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“Bluets” at Royal Court Jerwood Theatre Upstairs

Simon Jenner in west London
2 June 2024

“Suppose I were to begin by saying that I had fallen in love with a colour.” One sentence. Three actors speak it. Maggie Nelson’s 2009 prose work Bluets is dramatized as a Live Cinema-cum-theatre performance by Margaret Perry and directed by Katie Mitchell at the Royal Court Jerwood Theatre Downstairs until 29 June.

 

Ben Whishaw.
Photo credit: Camilla Greenwell.

 

Directed is too mild a word for Mitchell’s technique, pioneered with her production of The Waves in 2006. Nevertheless dramatizing such a work – whose only theatricality lies in fillets of images – demands it. The Court’s artistic director David Byrne declares his first production of this space embraces this “thrilling and unmissable proposition” to present something ground-breaking. Bluets, originally a book of 240 Blaise Pascal-like propositions, certainly answers that.

Bluets is indeed prefaced by a quotation from Pascal’s Pensées, about all philosophy not being worth an hour of pain. Nelson wryly intimates that autotheory, the intersection of memoir as self-exploration via critical theory, isn’t so new. So an unclassifiable art form is here treated to a revolutionary intersection of theatre and film.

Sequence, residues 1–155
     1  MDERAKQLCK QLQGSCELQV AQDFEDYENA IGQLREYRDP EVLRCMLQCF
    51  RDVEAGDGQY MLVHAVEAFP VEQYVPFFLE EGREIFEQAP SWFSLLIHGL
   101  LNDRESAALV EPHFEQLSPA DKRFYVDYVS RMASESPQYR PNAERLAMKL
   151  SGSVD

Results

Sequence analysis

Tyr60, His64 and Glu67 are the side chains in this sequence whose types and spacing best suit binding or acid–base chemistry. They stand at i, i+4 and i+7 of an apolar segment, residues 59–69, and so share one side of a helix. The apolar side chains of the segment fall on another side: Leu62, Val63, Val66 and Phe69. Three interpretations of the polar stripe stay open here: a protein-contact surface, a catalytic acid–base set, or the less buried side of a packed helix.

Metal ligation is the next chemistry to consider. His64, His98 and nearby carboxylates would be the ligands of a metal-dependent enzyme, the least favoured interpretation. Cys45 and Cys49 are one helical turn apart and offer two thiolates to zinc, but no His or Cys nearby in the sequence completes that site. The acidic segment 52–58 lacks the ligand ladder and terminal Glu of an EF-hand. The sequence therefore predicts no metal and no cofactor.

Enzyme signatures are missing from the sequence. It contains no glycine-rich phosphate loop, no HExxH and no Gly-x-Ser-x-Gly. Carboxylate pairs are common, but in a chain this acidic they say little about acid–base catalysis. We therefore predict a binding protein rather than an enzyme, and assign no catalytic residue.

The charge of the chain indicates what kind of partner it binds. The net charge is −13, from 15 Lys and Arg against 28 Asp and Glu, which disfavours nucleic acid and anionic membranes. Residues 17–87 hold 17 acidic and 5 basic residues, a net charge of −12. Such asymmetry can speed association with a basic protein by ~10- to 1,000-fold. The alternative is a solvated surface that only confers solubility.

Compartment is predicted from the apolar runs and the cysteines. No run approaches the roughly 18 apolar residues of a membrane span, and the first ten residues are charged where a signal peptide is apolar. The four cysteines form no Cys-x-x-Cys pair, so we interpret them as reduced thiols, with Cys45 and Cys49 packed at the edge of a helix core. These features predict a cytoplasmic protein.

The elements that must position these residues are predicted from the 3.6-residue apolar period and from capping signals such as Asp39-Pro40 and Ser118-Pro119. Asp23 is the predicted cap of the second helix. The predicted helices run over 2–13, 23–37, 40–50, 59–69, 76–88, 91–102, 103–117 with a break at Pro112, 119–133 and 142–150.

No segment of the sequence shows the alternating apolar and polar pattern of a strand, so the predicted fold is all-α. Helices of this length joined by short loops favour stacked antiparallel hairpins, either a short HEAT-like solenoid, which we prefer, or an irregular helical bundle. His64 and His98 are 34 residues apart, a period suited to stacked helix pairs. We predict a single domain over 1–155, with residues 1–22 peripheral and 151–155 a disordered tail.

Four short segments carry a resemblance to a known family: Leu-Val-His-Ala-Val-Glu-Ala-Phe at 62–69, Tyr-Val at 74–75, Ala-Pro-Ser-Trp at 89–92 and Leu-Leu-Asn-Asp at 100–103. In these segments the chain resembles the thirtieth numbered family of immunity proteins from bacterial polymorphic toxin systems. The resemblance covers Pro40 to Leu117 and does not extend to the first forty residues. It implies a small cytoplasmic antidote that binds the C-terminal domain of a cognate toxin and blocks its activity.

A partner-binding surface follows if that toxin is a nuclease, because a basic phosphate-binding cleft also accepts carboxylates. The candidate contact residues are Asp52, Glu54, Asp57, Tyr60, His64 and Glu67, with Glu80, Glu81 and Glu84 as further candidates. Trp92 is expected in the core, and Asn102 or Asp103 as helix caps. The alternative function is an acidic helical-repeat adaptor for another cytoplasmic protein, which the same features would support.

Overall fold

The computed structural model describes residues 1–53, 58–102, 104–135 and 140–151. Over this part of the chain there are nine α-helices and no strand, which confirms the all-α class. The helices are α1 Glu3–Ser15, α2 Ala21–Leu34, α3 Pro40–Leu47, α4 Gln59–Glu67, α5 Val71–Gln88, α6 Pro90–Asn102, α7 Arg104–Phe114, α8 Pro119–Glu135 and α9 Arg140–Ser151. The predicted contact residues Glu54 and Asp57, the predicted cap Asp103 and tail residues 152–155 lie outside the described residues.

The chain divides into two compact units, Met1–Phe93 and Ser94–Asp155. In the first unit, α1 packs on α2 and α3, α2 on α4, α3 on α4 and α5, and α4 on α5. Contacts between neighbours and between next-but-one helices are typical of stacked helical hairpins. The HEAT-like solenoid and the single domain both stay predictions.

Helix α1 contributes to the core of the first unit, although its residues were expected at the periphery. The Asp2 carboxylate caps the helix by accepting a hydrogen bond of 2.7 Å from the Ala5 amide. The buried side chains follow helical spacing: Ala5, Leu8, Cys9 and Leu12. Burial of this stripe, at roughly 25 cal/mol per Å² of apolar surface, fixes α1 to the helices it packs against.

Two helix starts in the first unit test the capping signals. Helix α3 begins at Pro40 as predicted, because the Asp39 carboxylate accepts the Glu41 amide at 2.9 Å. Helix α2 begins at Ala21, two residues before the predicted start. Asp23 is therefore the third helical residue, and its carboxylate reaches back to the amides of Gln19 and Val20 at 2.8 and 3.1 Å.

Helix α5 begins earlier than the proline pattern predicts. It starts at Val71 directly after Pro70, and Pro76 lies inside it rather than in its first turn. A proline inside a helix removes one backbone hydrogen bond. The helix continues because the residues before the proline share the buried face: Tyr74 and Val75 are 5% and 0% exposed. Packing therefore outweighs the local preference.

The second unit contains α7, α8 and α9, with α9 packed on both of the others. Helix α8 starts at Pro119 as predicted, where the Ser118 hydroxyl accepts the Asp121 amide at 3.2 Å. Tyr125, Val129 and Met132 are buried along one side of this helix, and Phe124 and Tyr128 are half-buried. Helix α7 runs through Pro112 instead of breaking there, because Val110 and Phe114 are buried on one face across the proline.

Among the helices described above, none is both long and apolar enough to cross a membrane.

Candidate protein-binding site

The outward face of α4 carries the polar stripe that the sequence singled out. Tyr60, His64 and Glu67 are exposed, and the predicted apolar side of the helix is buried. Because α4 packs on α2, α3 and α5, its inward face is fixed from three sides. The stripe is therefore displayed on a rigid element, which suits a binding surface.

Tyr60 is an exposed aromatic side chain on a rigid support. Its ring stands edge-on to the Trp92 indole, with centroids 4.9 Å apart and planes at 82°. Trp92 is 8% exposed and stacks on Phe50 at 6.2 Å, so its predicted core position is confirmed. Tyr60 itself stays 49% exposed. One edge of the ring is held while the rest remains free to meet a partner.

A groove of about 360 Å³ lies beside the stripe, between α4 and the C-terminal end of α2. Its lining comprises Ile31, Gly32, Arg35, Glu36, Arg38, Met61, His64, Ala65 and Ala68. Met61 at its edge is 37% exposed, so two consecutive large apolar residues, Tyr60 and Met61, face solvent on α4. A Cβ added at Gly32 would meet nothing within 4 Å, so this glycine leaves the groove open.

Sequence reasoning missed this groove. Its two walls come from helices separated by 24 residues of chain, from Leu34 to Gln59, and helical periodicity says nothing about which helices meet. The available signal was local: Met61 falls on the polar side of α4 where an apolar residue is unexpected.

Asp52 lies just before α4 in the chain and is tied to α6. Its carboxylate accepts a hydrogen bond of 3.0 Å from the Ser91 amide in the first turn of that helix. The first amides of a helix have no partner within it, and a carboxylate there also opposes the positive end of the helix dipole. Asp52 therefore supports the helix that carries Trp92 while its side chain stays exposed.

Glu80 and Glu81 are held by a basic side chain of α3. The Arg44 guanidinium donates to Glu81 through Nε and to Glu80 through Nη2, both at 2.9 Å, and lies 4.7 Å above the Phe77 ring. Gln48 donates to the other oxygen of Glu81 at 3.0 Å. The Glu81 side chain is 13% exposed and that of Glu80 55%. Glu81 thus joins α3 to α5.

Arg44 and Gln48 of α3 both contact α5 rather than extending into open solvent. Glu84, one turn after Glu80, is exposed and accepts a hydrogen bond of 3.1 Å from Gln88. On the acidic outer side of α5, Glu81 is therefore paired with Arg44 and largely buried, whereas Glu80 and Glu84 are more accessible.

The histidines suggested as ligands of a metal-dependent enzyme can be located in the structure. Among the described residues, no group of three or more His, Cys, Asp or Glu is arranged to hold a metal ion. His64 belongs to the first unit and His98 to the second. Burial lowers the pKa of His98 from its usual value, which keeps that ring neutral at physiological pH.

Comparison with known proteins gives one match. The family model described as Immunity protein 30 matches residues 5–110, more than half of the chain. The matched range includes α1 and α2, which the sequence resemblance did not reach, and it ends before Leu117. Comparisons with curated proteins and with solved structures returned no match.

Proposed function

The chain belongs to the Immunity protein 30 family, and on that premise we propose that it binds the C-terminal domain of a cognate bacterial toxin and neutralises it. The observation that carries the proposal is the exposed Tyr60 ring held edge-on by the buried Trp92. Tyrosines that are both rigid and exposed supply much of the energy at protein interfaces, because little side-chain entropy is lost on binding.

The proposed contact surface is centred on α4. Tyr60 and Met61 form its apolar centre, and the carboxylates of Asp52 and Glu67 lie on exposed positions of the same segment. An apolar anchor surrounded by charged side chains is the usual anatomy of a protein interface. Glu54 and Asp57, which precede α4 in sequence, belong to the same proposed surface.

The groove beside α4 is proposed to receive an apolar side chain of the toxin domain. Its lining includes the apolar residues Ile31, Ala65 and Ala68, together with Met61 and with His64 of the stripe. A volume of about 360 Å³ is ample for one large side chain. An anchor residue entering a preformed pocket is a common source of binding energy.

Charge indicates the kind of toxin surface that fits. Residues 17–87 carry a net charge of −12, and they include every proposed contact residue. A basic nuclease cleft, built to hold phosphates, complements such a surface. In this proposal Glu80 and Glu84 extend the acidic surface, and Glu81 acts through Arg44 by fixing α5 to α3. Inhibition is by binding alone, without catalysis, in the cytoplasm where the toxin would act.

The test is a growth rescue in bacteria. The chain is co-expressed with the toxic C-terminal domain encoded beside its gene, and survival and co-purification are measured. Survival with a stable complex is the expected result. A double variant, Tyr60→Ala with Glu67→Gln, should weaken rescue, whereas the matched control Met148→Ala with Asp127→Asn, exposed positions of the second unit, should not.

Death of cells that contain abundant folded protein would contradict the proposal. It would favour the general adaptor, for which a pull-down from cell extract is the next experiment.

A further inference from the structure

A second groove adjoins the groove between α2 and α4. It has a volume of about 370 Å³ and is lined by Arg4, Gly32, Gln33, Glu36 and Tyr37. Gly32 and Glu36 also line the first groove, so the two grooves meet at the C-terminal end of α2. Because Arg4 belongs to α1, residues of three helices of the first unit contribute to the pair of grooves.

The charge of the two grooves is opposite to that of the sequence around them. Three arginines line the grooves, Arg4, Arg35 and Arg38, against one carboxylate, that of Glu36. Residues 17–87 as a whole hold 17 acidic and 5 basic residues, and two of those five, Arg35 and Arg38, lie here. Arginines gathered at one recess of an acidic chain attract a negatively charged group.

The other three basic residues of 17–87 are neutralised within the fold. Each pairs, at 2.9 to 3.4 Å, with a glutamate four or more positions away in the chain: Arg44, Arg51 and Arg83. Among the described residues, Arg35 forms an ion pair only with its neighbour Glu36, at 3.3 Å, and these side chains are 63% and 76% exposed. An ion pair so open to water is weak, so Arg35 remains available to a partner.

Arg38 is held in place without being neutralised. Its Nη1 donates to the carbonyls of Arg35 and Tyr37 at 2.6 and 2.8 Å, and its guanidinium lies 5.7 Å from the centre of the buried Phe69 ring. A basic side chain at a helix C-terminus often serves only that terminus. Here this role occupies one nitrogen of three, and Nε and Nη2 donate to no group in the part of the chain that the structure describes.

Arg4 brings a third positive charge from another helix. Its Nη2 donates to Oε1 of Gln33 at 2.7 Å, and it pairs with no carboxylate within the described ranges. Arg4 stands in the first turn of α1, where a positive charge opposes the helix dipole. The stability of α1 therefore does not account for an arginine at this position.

Two strands, the loss of Nelson’s ex-lover, the “prince of blue”, and terrible injuries her friend sustains, with her three-year rehabilitation, span Bluets. It’s covered here in 75 minutes. A lifelong obsession though is with the colour blue. Not quite blues, but a complex of depression, divinity, and desire – sometimes occasioning laughter. Viagra, Nelson informs us, lends a blue tinge to colour perception.

Originally developed at Deutsches Schauspielhaus in Hamburg, the least complicated part of this hybrid is that Bluets is performed by three actors: Emma D’Arcy (House of the Dragon), Kayla Meikle (ear for eye), and Ben Whishaw. Though each represent a subtly different state of mind – quotidian, experiential, objective – such states are too porous for actors to sustain functional identity. Spoken lines – or paragraphs – fragment between them. There’s also a voiceover subverting this subjective equilibrium.

The process of developing pre-shot film streamed to live acting and sound is set out by several creatives. Alex Eales’ set includes three cameras with video backdrops and a large screen above, whose default is blue. Indeed Nelson cites Derek Jarman’s valedictory 1993 Blue.

 

Kayla Meikle.
Photo credit: Camilla Greenwell.

 

Video designer Ellie Thompson crafts a hierarchy of screens feeding the large one above it; live/pre-filmed footage is chosen in uneven rotation. Thoroughly anglicizing California-based Nelson’s experience, video director Grant Gee has shot much material onto which, via camera, actors are projected onto the backdrop. London high streets, Southwark Bridge, or Western Road in Hove and the burnt-out West Pier are sequenced: a narrative strand of seaside blue.